La Noire de…

Sembène’s treatment of voice in La Noire de… is established at the film’s outset by coordinating Diouna’s question, “Will someone be waiting for me?”, with the back and forth movements of her searching head. This traditional rhythm of back and forth, question and answer, is expressed again in the film’s overall narrative structure: Diouna’s immediate experiences and troubled interior dialogue find answer in her memories. In this sense, La Noire de… is a film that—although markedly imbued with a rare primacy of the present—holds truth in its own prefigured past. Read more of this post

23rd Psalm Branch by Brakhage

There something paradoxical about the relationship between film criticism and the medium it criticizes. It all starts with the opposing nature of language and images; in short, language is the tool with which we try to capture the essence of things we see and feel. Yet even if language refers to these things, it’s another matter entirely to say that it “captures” those feelings, those things, or the feelings behind those things. If you wanted to get academic, you might call it the difference between ontology and semiotics or, perhaps less obscurely, the difference between extension and intension. Read more of this post

Black Girl

The opening shot of Black Girl, Ousmane Sembene’s first feature length film that won the 1966 Prix Jean Vigo award and lead to Sembene becoming known as “the father of African film”, features a long shot of a cruise ship pulling into a French harbor. Men anchor the boat to port, as Sembene immediately cuts to a mid-panning-shot of a black girl walking through a room with her suitcase. The next shot is a long, low-angle that looks up at the walkway connecting the ship to the port, the next is a close-up of the girl’s face scanning the area, asking “Will someone be waiting for me?” The next several shots are of the girl walking through a crowd of people, metaphorically being swallowed up in the new world in which she’s nervously walking into. As she gets into the car sent to pick her up, the trendy French music that will become a theme in the film accompanies images of that new world from her perspective in the car.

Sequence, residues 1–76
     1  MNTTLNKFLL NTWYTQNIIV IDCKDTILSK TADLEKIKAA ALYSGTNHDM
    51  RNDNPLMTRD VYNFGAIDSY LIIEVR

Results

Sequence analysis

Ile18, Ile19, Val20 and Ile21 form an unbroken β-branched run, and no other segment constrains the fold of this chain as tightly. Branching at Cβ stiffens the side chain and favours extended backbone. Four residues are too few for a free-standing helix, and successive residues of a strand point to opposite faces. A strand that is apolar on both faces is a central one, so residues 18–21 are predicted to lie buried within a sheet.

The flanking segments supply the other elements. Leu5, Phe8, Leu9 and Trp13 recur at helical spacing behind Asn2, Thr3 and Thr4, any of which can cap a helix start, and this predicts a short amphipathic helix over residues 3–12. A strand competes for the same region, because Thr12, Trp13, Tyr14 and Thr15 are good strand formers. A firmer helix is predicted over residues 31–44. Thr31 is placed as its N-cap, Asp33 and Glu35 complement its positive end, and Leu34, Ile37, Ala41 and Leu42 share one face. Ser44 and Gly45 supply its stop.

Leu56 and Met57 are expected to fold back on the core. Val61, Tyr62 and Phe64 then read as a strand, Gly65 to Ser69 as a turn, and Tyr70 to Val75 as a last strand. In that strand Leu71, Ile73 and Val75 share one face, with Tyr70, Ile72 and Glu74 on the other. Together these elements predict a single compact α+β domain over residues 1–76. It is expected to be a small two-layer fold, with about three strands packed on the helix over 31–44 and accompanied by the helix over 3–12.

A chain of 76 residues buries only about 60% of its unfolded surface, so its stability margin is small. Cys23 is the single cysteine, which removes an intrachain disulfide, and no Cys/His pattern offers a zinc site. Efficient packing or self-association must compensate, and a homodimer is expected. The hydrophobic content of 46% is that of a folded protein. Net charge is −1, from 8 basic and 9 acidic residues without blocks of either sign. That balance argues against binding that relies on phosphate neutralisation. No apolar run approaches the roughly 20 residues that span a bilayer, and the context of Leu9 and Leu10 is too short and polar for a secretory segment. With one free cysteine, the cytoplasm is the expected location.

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Two Films from Joe Sarno: The Love Merchant and The Layout

Sexploitation isn’t exactly known for its sophistication and artistry, but when one watches the best of the “genre” (you have to use the word loosely here) it becomes clear that they knew how to make films with more under the surface than big breasts and orgasms. Joseph W. Sarno is certainly one of the masters of the genre, and perhaps one of the more overlooked directors of the generation. It’s telling that even Andrew Sarris singled him out for being an auteur of note. Prior to this double release by Something Weird Video I had only seen Sarno’s All the Sins of Sodom, which, despite its budgetary handicap, cheesy writing and acting, was an usually well done sexploitation film replete with interesting characters and some wonderful black and white cinematography. Neither of the films on this disc live up that reputation, but both certainly have their moments.

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